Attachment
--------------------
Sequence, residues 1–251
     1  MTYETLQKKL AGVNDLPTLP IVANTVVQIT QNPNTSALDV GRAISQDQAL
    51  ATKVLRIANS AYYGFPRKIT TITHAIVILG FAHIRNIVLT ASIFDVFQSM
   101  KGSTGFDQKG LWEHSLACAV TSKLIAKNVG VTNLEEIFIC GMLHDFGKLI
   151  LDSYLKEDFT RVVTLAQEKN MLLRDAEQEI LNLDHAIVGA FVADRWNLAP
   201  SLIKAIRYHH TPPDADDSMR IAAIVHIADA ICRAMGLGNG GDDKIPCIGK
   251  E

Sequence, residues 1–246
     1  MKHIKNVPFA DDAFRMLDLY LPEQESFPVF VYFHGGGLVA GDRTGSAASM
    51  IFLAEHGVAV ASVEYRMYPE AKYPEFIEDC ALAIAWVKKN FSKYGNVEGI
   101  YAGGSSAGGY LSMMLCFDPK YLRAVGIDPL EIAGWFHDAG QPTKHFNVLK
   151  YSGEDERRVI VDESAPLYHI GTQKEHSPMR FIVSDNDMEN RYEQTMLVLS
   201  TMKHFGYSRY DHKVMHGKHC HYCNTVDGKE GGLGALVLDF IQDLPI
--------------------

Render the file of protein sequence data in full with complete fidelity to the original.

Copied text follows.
Sequence, residues 1–251
     1  MTYETLQKKL AGVNDLPTLP IVANTVVQIT QNPNTSALDV GRAISQDQAL
    51  ATKVLRIANS AYYGFPRKIT TITHAIVILG FAHIRNIVLT ASIFDVFQSM
   101  KGSTGFDQKG LWEHSLACAV TSKLIAKNVG VTNLEEIFIC GMLHDFGKLI
   151  LDSYLKEDFT RVVTLAQEKN MLLRDAEQEI LNLDHAIVGA FVADRWNLAP
   201  SLIKAIRYHH TPPDADDSMR IAAIVHIADA ICRAMGLGNG GDDKIPCIGK
   251  E

Sequence, residues 1–246
     1  MKHIKNVPFA DDAFRMLDLY LPEQESFPVF VYFHGGGLVA GDRTGSAASM
    51  IFLAEHGVAV ASVEYRMYPE AKYPEFIEDC ALAIAWVKKN FSKYGNVEGI
   101  YAGGSSAGGY LSMMLCFDPK YLRAVGIDPL EIAGWFHDAG QPTKHFNVLK
   151  YSGEDERRVI VDESAPLYHI GTQKEHSPMR FIVSDNDMEN RYEQTMLVLS
   201  TMKHFGYSRY DHKVMHGKHC HYCNTVDGKE GGLGALVLDF IQDLPI